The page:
Sprint has launched Sprint Web.
What is it?
It is an adaptive home page that delivers content based on customers use with a search from Google.
From the press release
“Sprint customers have always been able to access the Internet on data-capable Sprint phones, and with Sprint Web we’ve made it even easier for them to quickly find the information that they need,” said Kevin Packingham, senior vice president of product and technology development for Sprint. “Sprint Web automatically learns what content the customer likes and puts it on their home page, along with Google search of the full Internet. This allows Sprint customers to get the most from the Internet on their phones even faster, when and where they want to, with the Now Network(TM).”
Who is behind this home page?
The personalised home page is from ChangingWorlds. We have written about ChangingWorlds a few times and it seems as though the home page is not on the idle screen but one click away. But once clicked the home page is personalised to the preferences of the user.
Google is also the new search on home page of Sprint Web.
Sprint Web is available today on 40+ popular Sprint phones, including RAZR2 by Motorola, Centro by Palm, Rumor by LG, Upstage by Samsung, and Katana DLX by Sanyo. Sprint plans to make Sprint Web available on virtually all Web-capable Sprint feature phones over the coming weeks. The introduction of Sprint Web follows Sprint’s launch earlier this year of a more PC-like open Internet browsing experience on its phones, which provides more user-friendly renderings of Internet sites, even those not optimized for mobile devices.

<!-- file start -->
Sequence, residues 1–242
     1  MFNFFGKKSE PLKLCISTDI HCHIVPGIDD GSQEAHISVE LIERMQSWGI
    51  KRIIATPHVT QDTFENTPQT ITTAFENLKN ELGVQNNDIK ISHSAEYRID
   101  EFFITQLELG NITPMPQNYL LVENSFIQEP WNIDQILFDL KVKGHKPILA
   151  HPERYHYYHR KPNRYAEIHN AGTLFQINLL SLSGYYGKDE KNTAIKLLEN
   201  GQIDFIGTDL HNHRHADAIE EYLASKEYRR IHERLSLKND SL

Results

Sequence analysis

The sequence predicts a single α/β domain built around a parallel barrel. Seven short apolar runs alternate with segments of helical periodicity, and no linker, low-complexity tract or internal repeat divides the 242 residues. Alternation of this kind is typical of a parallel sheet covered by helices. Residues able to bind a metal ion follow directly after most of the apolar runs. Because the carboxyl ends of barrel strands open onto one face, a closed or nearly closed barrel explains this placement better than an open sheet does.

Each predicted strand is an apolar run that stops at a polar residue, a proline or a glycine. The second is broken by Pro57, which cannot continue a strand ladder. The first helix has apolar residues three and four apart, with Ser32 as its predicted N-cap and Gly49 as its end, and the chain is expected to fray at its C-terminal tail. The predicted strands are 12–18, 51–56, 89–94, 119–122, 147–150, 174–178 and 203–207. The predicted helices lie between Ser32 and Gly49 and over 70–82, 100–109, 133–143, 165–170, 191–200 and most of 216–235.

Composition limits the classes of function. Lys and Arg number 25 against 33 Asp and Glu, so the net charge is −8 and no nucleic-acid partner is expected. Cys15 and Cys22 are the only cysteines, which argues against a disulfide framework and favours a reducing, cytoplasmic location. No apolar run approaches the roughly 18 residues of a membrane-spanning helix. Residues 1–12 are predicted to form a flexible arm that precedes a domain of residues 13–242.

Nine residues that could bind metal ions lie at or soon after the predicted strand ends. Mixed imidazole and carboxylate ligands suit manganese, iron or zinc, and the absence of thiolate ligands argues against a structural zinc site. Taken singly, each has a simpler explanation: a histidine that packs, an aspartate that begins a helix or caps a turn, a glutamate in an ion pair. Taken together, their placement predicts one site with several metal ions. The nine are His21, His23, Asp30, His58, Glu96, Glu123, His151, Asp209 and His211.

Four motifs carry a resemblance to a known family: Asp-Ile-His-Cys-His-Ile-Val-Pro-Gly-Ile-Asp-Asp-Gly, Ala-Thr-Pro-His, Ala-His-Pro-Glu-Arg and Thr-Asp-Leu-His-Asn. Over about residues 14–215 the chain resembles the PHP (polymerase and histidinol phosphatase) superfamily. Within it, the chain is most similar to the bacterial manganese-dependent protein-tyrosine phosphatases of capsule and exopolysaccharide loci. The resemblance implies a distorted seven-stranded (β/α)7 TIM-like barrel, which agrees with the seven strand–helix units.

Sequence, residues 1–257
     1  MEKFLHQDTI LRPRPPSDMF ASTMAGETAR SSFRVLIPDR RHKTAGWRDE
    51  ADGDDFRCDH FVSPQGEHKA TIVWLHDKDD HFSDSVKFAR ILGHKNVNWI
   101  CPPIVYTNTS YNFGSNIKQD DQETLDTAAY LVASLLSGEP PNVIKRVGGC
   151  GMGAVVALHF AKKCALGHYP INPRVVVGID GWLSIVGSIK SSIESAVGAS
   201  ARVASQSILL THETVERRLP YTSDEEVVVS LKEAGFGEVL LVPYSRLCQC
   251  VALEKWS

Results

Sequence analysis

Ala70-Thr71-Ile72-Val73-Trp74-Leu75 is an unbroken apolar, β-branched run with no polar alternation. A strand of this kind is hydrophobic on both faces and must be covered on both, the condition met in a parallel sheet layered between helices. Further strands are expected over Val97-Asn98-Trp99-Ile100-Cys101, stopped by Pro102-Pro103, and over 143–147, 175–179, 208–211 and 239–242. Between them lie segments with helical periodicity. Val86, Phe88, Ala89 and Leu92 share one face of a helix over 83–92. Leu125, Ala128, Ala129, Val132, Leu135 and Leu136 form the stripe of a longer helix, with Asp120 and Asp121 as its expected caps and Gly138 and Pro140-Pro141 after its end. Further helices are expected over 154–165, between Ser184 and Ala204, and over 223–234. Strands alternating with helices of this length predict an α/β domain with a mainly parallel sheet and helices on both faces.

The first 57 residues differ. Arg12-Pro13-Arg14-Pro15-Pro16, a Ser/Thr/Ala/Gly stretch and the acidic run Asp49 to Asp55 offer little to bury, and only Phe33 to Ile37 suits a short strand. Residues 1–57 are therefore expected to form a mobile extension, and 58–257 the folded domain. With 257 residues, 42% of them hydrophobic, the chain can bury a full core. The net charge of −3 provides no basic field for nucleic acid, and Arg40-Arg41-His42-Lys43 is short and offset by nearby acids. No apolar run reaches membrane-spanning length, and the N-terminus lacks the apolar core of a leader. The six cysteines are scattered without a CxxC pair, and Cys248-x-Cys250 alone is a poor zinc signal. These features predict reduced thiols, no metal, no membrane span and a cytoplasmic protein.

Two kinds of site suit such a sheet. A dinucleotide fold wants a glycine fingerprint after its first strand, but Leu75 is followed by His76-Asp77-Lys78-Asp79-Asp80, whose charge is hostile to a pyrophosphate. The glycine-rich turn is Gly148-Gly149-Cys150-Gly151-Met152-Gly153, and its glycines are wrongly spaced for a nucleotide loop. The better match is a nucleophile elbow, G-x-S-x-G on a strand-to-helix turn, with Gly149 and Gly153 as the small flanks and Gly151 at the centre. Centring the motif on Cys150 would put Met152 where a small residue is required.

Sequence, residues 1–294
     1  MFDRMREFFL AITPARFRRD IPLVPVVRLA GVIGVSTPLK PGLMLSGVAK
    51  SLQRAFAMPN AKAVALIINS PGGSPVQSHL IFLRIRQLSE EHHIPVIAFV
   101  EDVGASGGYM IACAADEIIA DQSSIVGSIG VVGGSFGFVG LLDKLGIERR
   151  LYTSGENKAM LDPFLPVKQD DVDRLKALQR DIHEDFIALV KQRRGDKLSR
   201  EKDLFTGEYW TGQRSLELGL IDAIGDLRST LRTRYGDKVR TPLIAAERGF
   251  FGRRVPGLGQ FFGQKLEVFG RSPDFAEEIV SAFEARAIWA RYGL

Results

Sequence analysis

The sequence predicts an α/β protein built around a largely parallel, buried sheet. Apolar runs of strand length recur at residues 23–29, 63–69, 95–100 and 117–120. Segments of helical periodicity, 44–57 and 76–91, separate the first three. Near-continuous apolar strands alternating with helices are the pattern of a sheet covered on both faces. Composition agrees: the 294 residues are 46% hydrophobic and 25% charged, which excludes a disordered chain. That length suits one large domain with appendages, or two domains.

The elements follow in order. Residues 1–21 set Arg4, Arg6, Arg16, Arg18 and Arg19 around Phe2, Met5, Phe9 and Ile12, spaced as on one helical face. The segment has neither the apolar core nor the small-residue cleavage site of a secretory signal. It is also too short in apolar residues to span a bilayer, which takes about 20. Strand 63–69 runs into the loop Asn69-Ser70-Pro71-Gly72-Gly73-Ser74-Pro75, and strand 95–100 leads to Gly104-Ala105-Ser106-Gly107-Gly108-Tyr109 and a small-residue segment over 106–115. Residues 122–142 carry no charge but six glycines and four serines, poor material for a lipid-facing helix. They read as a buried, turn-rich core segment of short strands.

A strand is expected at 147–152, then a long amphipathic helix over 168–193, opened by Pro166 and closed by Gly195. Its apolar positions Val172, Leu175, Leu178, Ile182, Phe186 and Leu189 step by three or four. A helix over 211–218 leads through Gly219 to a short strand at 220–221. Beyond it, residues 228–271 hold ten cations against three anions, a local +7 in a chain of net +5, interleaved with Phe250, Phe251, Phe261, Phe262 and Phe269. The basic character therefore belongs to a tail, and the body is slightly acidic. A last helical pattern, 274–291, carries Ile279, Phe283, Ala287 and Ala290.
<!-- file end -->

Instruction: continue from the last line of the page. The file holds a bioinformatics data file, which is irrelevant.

Sprint Web and Google search are available at no additional charge to Sprint data subscribers, including customers subscribing to Everything plans such as the $99 Simply Everything(SM) plan, Talk/Message/Data Share plans and data packs. Standard data usage charges apply for customers without a data subscription.
Sprint is committed to offering its customers an enhanced mobile Internet experience, along with mobile content and applications, when, where and how they want them:
What we think?
Hmm. I thought that Microsoft was the white label search for Sprint and then it was InfoSpace (Now Motricity- or something like that)? Now it is Google? Also this seems to follow the recent Open Web (was that Novarra) transcoding service.
So, if I get this right we have Sprint Web which is the open Internet. Sprint data which is the tariff. Open Web which is the transcoding open Internet and white labels seem to have vanished?
Apart from ChangingWorlds where are the white labels. ChangingWorlds seems to be muscling into new ground with its personalisation portal service (great as long as users opt-in to this).
Can that be right – is it right? Are there any white labels on Sprint for mobile search? Or is Sprint just following a test, change try and re-try policy as it finds it feet in the mobile Internet?